Your customers expect you to keep their sensitive data safe. Don't risk the future of your business. Learn valuable tips and read about tools that can help you establish best practices.
Online phishing (pronounced "fishing") is an attempt to trick someone into revealing personal or financial information online. Phishers use phony websites or deceptive emails that mimic trusted businesses and brands to steal protected information such as user names, passwords and credit card numbers.
It's important to remember that Chase Paymentech never requests sensitive account information such as account numbers, user names or passwords, via unsecured channels such as email. If you're ever in doubt, just visit chasepaymentech.com to log in and learn more.
Please follow these steps if you or anyone in your organization has doubts about an email relevant to payment processing or receives a phishing email that claims to come from Chase Paymentech.
TDES is an encryption algorithm standard used by all debit-capable transaction terminals for PIN encryption. TDES (also known as Triple DES, TDES or 3DES) was developed to add more security protection in combating potential security breaches by being more secure than its predecessor, Data Encryption Standard (DES).
Security upgrades mandated by Visa® required that all attended point-of-sale devices use TDES. Additional information and lists of validated applications may found on the PCI Security Standards Council Approved PIN Transaction Security (PTS) Devices site.
With the growing rate of identity theft and fraud, Visa® and MasterCard® require merchants to comply with "account number truncation."
For specifics about the laws and requirements in your state, we suggest you review your state's applicable laws and consult with your legal counsel.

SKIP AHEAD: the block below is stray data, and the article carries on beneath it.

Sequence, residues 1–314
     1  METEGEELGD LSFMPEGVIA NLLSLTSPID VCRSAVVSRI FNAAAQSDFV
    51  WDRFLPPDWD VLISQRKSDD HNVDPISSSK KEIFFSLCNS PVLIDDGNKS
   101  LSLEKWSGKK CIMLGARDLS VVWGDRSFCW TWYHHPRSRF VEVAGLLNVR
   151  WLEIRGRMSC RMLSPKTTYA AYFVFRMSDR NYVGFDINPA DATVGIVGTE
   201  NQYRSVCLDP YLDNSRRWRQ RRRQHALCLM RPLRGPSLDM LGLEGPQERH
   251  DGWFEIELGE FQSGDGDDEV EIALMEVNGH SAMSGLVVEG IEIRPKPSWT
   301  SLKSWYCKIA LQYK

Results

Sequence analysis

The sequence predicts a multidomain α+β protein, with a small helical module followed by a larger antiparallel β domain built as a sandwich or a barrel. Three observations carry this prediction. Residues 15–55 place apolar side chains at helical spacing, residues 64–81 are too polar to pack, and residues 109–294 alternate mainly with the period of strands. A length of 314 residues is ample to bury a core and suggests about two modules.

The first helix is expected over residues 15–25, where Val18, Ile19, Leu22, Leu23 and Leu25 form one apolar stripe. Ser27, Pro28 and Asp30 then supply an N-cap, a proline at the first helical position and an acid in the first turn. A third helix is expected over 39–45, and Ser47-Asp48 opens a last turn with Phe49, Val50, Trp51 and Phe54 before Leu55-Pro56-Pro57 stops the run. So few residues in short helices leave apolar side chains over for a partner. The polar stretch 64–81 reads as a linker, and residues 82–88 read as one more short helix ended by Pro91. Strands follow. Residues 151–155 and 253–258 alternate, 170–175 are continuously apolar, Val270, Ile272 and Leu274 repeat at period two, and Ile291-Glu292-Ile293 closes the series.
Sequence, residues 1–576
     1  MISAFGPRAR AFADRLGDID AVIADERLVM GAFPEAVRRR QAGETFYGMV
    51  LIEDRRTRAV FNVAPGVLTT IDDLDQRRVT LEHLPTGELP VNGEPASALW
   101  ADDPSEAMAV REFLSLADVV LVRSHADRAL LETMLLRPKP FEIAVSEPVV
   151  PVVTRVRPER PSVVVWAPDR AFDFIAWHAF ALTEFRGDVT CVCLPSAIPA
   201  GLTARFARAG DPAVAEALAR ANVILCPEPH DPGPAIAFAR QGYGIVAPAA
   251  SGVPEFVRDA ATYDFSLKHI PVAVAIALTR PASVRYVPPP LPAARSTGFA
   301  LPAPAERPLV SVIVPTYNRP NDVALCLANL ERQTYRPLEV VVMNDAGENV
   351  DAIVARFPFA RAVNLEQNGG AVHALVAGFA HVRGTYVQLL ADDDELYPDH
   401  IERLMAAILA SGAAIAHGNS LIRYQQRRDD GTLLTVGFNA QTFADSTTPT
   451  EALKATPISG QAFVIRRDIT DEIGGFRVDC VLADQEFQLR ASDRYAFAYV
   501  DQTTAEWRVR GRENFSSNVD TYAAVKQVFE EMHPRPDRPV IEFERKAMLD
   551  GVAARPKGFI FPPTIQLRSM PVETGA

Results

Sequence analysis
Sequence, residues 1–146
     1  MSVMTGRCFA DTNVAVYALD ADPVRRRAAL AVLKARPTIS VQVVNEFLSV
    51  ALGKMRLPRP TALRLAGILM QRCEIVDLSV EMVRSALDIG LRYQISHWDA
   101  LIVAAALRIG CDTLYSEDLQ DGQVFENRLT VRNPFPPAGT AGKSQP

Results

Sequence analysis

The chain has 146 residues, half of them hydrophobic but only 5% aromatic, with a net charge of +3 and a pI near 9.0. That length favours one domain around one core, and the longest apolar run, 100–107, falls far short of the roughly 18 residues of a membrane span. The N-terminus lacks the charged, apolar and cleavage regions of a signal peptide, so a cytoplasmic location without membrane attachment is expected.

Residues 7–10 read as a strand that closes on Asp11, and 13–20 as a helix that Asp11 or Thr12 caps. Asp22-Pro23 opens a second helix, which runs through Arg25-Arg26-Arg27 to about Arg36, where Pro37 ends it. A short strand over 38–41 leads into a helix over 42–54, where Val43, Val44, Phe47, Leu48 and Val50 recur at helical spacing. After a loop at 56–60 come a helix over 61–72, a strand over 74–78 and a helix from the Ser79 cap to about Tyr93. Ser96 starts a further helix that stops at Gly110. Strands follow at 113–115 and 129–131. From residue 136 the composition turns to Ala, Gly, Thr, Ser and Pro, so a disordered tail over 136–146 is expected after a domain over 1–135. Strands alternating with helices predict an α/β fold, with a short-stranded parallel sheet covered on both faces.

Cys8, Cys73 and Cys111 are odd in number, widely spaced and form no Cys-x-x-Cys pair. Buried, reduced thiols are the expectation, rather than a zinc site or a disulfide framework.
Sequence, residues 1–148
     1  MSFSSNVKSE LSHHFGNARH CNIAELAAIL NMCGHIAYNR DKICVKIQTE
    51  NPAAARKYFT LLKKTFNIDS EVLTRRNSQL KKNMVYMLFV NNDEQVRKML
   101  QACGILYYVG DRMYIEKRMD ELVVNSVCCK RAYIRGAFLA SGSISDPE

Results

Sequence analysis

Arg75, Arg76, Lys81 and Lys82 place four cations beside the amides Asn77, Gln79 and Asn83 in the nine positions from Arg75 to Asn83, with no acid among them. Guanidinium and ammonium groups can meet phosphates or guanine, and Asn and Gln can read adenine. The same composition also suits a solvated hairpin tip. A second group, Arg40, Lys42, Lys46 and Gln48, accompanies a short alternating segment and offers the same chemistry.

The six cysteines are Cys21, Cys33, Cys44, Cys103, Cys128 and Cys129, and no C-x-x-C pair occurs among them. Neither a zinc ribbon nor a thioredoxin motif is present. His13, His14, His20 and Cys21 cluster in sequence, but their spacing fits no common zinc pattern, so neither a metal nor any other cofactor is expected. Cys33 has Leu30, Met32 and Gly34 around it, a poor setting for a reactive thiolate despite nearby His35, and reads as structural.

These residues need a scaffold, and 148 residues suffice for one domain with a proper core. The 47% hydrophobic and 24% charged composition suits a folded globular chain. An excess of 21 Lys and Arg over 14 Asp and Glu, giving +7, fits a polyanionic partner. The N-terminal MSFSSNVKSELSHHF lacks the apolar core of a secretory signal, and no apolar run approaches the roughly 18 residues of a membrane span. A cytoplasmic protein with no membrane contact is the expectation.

Complying with account number truncation may require a new payment application, a new terminal, or both. You can rely on our service support staff to answer your questions and guide you through the latest technology options, so you can choose the best solution for your business.
While we are here to assist you, please keep in mind it is the responsibility of the business owner to comply with federal and state laws, as well as payment brand regulations, relative to account number masking.
Network vulnerability scans enable you to detect vulnerabilities on your systems, so that you can fix these vulnerabilities, better protect your customer's cardholder data and minimize the risk of attacks on your payment environment. The process is minimally intrusive. External-facing systems are scanned and vulnerabilities that an attacker could exploit to gain access to your systems are reported to you. You should address these network vulnerabilities immediately and then re-scan to confirm that they have been remediated.
Chase Paymentech highly recommends your business conduct regular network vulnerability scans using an Approved Scanning Vendor (ASV). A complete list of vendors is available on the PCI Security Standards Council website. For some merchants, a passing network vulnerability scan is required every quarter in order to be compliant with Visa and MasterCard regulations.